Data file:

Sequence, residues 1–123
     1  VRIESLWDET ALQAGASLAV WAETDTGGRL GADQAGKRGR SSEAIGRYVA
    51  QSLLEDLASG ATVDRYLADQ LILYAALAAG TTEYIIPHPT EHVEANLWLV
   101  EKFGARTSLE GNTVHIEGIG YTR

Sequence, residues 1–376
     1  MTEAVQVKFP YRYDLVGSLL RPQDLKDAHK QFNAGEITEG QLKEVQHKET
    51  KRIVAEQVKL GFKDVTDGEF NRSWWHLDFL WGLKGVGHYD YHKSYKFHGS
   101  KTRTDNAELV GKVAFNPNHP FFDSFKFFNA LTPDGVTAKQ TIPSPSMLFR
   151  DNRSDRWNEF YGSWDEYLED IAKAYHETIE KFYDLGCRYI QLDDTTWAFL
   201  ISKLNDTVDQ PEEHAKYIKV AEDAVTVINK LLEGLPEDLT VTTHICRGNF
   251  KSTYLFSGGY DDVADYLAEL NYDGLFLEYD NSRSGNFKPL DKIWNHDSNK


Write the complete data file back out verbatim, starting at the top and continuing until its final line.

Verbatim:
Sequence, residues 1–123
     1  VRIESLWDET ALQAGASLAV WAETDTGGRL GADQAGKRGR SSEAIGRYVA
    51  QSLLEDLASG ATVDRYLADQ LILYAALAAG TTEYIIPHPT EHVEANLWLV
   101  EKFGARTSLE GNTVHIEGIG YTR

Sequence, residues 1–376
     1  MTEAVQVKFP YRYDLVGSLL RPQDLKDAHK QFNAGEITEG QLKEVQHKET
    51  KRIVAEQVKL GFKDVTDGEF NRSWWHLDFL WGLKGVGHYD YHKSYKFHGS
   101  KTRTDNAELV GKVAFNPNHP FFDSFKFFNA LTPDGVTAKQ TIPSPSMLFR
   151  DNRSDRWNEF YGSWDEYLED IAKAYHETIE KFYDLGCRYI QLDDTTWAFL
   201  ISKLNDTVDQ PEEHAKYIKV AEDAVTVINK LLEGLPEDLT VTTHICRGNF
   251  KSTYLFSGGY DDVADYLAEL NYDGLFLEYD NSRSGNFKPL DKIWNHDSNK